This panel assembles papers on parenting interventions, i.e. institutionalized measures aiming at re-educating parents, specifically in transcultural, transnational or minoritarian settings. It focuses on the political and affective dynamics, patterns, and conflicts involved in these interventions.
In the last decades, governmental institutions and non-governmental organizations have intensified their attention to parents and families, aiming at supporting, educating, or re-educating them with regard to child-rearing. Such parenting interventions are particularly challenging if they are embedded in transcultural, transnational or minoritarian settings affected by migrations, displacement, conditions of structural violence and segregation. In such settings, they deal with diverging parenting models that cannot be easily ascribed to individual hardships or the lack of capacities. Notwithstanding such social and cultural diversity, pedagogies tend to be highly normative, geared towards determining best ways of child-rearing. Thus, interactions between educational institutions and parents with dissimilar pedagogic standards and understandings, are prone to misapprehensions, frictions and conflicts. Finally, such interactions have political implications that need to be addressed.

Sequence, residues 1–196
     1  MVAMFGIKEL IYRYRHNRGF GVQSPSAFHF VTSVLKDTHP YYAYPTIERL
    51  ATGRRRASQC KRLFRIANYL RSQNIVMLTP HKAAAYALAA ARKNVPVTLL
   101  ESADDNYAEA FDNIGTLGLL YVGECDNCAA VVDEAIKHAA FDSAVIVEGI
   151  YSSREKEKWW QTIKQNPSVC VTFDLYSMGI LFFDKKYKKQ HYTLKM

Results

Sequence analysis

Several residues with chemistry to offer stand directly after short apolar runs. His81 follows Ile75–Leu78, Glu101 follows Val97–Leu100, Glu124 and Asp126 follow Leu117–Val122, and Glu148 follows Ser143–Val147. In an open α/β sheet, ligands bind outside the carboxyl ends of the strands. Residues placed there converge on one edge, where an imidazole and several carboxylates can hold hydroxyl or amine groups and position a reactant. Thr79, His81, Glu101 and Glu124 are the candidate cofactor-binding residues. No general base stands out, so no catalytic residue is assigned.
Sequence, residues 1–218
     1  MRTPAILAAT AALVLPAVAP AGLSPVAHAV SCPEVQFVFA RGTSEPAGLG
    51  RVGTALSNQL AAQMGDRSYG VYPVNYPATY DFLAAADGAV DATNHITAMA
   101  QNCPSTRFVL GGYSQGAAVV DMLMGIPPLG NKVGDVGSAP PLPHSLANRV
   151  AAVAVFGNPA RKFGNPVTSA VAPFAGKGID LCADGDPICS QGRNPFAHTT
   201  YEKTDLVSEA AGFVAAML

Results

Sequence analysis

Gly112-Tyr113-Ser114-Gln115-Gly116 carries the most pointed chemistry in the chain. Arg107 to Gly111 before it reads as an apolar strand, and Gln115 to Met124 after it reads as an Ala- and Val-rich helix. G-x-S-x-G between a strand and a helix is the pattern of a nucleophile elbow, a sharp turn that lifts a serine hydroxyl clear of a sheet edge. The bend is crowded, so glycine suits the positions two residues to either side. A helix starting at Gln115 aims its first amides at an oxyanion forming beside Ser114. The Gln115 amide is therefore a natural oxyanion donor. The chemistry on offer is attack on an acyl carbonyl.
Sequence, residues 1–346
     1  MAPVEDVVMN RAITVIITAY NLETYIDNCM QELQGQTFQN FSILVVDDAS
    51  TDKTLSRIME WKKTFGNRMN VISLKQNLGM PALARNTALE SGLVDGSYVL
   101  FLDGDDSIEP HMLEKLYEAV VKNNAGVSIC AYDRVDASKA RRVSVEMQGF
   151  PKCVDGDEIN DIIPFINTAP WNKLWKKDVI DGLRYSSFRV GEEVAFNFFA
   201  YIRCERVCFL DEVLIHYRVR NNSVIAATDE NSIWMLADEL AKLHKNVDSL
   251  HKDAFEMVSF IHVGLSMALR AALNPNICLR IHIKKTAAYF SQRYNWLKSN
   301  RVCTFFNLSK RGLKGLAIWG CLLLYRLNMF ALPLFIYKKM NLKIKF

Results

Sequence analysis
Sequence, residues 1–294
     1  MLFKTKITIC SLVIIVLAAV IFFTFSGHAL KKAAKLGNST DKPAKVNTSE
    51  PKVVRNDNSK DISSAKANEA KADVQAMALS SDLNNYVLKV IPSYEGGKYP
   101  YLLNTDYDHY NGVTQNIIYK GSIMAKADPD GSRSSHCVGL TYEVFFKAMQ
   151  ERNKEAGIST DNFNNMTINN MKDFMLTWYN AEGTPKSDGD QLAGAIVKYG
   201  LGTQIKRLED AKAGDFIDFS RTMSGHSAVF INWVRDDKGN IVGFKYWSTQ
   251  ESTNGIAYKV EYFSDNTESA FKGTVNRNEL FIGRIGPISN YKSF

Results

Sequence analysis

This panel assembles contributions on the flourishing but rarely studied field of parenting interventions, focusing both on the political and affective dynamics, patterns, and tensions that shape (and arise in) these interactions. Contributions may pertain to one of the three following settings:
a) Institutions such as kindergartens, schools or organizations of family assistance dealing with migrant families or national minorities, many times aligning parenting practices with their pedagogical standards.
b) Institutions or media programs aiming at "modernizing" the parenting practices, often by appropriating and propagating pedagogies from other, more industrialized countries.
c) Institutions, e.g. IGOs or NGOs that operate on an international level, pursuing an agenda of "improving" parenting around the world, often by fostering what is called "positive parenting".
Anna Ellmer (University of Vienna)
Ursina Jaeger (University of Zurich)
Anna Loppacher (UiT the Arctic University of Norway)
Katarzyna Bylow (University of St Andrews)
Leberecht Funk (Free University of Berlin)